The Startup media circus
It’s not because you say something on TV or via social networks, that it creates value, it’s because you do it successfully all the way. Social networks have distorted reality. I would argue that the more you see people posting on social networks, or simply being in the media, the less impacting they are. The real startup heroes are the ones you do not see.
I have been involved in the startup ecosystem for more than 25 years, and I’m starting to feel uncomfortable with this PR circus. The current situation is portraying a strange image, that in the end, might damage the real people, behind real projects, trying to do real things.
What do people see? They see a new economy, creating enormous value in no time, and the emergence of a modern hero, the entrepreneur.
They also see the exaggeration created, valuations that seem totally unreasonable, the portrait of successes that keep on losing billions of dollars, or entrepreneurs that lost their way. The value created is such that it’s changed the social equilibrium in some places. In San Francisco, living as a nurse, a policeman, a musician, or a teacher has become impossible; a one-bedroom rent goes over $4,500 per month.
This promised land fuels entrepreneurship, that’s a good thing. However, not everyone is meant to become an entrepreneur. Being an entrepreneur has nothing to do with becoming a social media starlet.
Being an entrepreneur is hard, really hard.
It starts with faith. Faith in the team, in the market, in the ability to overcome incredible challenges. In the beginning, no reasoning can stand the test; it’s just pure faith, and most of the time, pure insanity. So yes, “fake it until you make it” and prove the world wrong. However, at one point, you cannot fake it anymore. You need to deliver or die.
Delivering is incredibly hard. The better founders are the ones you do not see. They do not have time to go to another startup competition, even less to go to another startup conference. Being a social network phenomenon is not their concern. They need to deliver.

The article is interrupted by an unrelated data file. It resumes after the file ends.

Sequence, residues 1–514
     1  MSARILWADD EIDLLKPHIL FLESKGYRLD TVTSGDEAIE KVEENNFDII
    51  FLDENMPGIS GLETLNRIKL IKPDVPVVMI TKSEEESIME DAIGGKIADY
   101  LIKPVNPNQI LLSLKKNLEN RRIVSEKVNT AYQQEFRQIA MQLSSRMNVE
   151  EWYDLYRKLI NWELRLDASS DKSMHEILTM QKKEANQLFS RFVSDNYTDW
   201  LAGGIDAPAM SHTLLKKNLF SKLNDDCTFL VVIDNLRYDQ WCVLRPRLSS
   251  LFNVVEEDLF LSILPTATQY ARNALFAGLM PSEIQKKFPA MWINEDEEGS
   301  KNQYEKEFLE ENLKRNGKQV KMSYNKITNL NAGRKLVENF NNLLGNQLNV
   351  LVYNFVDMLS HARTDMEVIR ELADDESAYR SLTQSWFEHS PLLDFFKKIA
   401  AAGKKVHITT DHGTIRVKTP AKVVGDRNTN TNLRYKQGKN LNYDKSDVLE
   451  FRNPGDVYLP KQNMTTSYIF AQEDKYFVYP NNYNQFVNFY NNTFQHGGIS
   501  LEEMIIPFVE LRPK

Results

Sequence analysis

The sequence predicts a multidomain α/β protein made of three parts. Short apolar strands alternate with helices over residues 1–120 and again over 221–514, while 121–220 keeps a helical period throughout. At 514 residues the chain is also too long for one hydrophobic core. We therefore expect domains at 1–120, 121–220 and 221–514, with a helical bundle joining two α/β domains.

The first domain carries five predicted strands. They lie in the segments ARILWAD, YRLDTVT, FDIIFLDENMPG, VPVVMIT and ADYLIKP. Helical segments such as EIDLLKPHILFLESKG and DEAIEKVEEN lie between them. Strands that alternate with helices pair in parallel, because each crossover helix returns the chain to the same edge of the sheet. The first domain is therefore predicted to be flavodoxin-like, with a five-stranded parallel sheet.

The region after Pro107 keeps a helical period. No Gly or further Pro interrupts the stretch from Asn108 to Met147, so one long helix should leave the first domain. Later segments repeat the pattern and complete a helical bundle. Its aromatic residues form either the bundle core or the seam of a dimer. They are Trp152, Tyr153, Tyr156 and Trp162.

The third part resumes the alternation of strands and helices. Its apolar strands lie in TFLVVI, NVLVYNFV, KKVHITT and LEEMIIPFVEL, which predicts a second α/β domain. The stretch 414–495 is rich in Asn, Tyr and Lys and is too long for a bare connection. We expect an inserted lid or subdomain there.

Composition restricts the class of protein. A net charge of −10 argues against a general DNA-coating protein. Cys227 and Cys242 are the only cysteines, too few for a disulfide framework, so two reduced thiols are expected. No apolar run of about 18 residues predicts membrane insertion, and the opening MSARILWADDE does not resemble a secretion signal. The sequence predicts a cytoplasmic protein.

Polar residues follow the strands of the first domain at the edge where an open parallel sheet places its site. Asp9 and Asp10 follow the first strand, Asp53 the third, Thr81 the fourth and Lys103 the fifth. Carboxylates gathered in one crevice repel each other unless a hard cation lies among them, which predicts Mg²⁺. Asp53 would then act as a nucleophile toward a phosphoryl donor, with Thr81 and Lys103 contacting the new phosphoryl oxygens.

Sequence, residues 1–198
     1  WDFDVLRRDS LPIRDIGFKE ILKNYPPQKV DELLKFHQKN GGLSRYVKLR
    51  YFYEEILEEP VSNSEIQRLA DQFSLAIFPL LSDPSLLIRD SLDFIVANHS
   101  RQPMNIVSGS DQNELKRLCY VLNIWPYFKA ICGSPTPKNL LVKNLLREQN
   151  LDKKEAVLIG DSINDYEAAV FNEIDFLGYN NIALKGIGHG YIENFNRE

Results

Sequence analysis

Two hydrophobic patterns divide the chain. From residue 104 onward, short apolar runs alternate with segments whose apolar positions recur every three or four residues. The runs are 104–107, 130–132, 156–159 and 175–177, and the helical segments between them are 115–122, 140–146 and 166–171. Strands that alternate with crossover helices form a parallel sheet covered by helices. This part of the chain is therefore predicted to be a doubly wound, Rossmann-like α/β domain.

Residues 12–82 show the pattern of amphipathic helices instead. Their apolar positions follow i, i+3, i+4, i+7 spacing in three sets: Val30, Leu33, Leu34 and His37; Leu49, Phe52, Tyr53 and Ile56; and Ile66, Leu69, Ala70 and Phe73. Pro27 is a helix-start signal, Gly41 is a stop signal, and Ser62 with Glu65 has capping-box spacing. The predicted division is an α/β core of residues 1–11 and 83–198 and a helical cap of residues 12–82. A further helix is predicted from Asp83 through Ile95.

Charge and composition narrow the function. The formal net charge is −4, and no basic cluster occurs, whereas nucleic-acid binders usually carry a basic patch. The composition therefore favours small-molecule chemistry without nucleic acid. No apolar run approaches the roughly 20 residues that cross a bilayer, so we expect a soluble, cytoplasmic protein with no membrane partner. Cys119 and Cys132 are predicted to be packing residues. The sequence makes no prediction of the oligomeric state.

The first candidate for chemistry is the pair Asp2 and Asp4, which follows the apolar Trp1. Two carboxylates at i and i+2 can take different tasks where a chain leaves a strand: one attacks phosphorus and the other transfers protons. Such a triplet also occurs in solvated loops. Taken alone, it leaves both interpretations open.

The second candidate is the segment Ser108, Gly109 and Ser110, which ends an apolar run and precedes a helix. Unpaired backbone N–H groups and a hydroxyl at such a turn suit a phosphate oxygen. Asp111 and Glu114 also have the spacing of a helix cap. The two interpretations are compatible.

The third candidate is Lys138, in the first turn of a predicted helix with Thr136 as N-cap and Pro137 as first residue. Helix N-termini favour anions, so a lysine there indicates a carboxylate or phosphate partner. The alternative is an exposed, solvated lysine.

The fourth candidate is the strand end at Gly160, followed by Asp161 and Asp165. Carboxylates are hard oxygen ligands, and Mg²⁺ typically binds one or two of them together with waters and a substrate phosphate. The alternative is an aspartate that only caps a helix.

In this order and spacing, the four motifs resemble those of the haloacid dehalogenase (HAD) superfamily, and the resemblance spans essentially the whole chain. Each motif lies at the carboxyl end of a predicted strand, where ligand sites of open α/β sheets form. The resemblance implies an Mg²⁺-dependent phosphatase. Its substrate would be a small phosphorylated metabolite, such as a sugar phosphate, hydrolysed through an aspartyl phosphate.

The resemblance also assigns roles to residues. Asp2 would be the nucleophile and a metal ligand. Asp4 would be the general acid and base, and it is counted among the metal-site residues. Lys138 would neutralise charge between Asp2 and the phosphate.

I am starting to see entrepreneurs thinking that media coverage is a form of delivery. It’s not because you’ve raised money, and got a TechCrunch article, that you accomplished anything. Don’t celebrate fundraising, celebrate new clients, don’t celebrate a thousand likes on social networks, celebrate product milestones.
With the promise of this new economy, it has created an ever-growing ecosystem. We see entrepreneurs mixing up with politicians, investors, media, corporations, and a large number of “supporting” initiatives, starting with a simple consultant to more structured programs. That ecosystem, for the most part, is leveraging the startup energy to fuel its own PR. They want to become the heroes, using the entrepreneurship hype.
However, once again, you rarely see the one working on delivering. What you see is young entrepreneurs sucked into the PR machine, and an ever-growing number of parasites trying to tell the world that they know what to do.
Let’s be clear no-one knows, running a startup is deciding to know. It’s a school of humility; being wrong and right is normal; being scared and confident is natural. It’s no fun. It’s incredibly stressful. It does not pay well. Entrepreneurship is not the new cool.
I have immense respect for entrepreneurs, I am one of them. Let’s not make it a PR circus that makes entrepreneurs look like brats.